Zandstra, P.J. 1987. Evaluating the effectiveness of your horticultural therapy program. J. Therapeutic Horticulture 2:23-28.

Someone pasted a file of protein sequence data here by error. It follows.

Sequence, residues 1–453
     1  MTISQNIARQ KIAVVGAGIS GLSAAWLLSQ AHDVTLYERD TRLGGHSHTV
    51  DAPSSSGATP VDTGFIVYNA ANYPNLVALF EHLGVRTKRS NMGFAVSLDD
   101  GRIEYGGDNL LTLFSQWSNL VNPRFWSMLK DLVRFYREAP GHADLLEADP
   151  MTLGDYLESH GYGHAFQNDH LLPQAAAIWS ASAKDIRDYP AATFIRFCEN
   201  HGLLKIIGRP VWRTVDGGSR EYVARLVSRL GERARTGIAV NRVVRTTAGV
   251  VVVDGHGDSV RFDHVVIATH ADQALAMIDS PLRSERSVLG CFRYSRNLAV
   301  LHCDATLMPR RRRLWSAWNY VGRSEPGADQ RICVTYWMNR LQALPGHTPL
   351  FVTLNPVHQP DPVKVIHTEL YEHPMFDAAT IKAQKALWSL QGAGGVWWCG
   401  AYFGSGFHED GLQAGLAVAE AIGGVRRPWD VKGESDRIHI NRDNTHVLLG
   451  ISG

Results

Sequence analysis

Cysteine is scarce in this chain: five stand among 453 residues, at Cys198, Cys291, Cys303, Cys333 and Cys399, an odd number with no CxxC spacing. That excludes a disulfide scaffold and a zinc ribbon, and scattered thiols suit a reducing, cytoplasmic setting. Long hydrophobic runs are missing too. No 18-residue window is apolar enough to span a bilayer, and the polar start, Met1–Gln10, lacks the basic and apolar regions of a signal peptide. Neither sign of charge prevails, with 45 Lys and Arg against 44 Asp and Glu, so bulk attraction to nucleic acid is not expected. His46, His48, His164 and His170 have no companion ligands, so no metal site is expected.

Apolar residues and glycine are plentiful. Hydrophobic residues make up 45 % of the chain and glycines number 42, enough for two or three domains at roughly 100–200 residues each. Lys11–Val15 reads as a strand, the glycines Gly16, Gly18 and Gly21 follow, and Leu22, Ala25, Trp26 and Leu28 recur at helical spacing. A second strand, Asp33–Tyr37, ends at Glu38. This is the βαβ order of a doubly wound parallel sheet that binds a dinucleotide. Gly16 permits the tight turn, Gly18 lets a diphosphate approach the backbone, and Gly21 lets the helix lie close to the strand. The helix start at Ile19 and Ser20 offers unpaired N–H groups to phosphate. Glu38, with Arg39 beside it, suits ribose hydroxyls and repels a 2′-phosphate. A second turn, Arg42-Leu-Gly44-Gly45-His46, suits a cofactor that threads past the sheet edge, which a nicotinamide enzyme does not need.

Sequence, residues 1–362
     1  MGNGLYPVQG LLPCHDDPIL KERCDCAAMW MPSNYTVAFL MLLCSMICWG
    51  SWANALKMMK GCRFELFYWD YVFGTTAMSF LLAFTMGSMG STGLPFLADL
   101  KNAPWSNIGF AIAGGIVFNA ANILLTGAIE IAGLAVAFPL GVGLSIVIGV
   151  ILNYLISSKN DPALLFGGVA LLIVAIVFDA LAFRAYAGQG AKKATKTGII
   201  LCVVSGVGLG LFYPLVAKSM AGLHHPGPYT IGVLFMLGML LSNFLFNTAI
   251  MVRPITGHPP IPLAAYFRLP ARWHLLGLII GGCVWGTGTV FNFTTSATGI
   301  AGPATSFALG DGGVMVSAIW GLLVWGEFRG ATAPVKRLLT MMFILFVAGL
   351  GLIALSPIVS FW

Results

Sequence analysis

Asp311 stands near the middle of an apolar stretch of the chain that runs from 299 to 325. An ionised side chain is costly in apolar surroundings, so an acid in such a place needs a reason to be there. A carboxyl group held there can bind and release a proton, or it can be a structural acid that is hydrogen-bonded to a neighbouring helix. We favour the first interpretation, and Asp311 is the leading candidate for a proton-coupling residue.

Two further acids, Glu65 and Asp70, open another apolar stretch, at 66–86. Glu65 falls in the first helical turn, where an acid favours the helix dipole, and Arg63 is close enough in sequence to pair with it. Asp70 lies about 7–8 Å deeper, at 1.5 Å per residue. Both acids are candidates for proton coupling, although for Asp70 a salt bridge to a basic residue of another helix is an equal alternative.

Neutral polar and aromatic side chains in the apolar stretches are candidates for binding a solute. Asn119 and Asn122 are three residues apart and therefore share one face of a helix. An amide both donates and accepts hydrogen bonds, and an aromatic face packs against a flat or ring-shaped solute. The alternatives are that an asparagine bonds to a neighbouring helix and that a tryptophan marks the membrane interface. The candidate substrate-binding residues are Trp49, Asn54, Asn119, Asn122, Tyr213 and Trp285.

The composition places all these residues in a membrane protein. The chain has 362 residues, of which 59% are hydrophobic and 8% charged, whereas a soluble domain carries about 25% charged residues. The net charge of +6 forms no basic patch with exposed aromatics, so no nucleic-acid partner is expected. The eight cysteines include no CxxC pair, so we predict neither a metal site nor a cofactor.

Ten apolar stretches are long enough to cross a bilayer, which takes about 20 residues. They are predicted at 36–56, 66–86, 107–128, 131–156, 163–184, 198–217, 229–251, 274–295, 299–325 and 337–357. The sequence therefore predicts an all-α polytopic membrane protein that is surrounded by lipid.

Professional horticultural therapists are responsible for evaluating their programs to see if they are having the desired effect. A formal evaluation is also of interest to clients, administrators, funding sources, and others who must discriminate between the effectiveness of various health care services. To gather information for a formal report, programs with individualized goals and objectives must be evaluated on the collective results of the success or failure of each individual program. Programs with standardized goals and objectives rely on the collective pre and post test results to determine if their program is working. Evaluation methods for programs with generalized goals and objectives are the most difficult to evaluate and rely on a non-experimental approach, quasi-experimental approach, or classic experimental design. Once the information is collected, a formal program evaluation must be clearly written with recommendations for change. This report must be put into the hands of influential people to help secure funding, improve programs, and ultimately benefit the client.